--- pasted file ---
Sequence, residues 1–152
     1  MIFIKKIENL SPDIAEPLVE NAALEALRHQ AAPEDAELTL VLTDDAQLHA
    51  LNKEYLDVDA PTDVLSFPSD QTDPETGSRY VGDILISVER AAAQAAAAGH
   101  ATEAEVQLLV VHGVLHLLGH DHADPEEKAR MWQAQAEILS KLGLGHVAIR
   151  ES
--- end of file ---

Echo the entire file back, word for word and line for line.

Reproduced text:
Sequence, residues 1–152
     1  MIFIKKIENL SPDIAEPLVE NAALEALRHQ AAPEDAELTL VLTDDAQLHA
    51  LNKEYLDVDA PTDVLSFPSD QTDPETGSRY VGDILISVER AAAQAAAAGH
   101  ATEAEVQLLV VHGVLHLLGH DHADPEEKAR MWQAQAEILS KLGLGHVAIR
   151  ES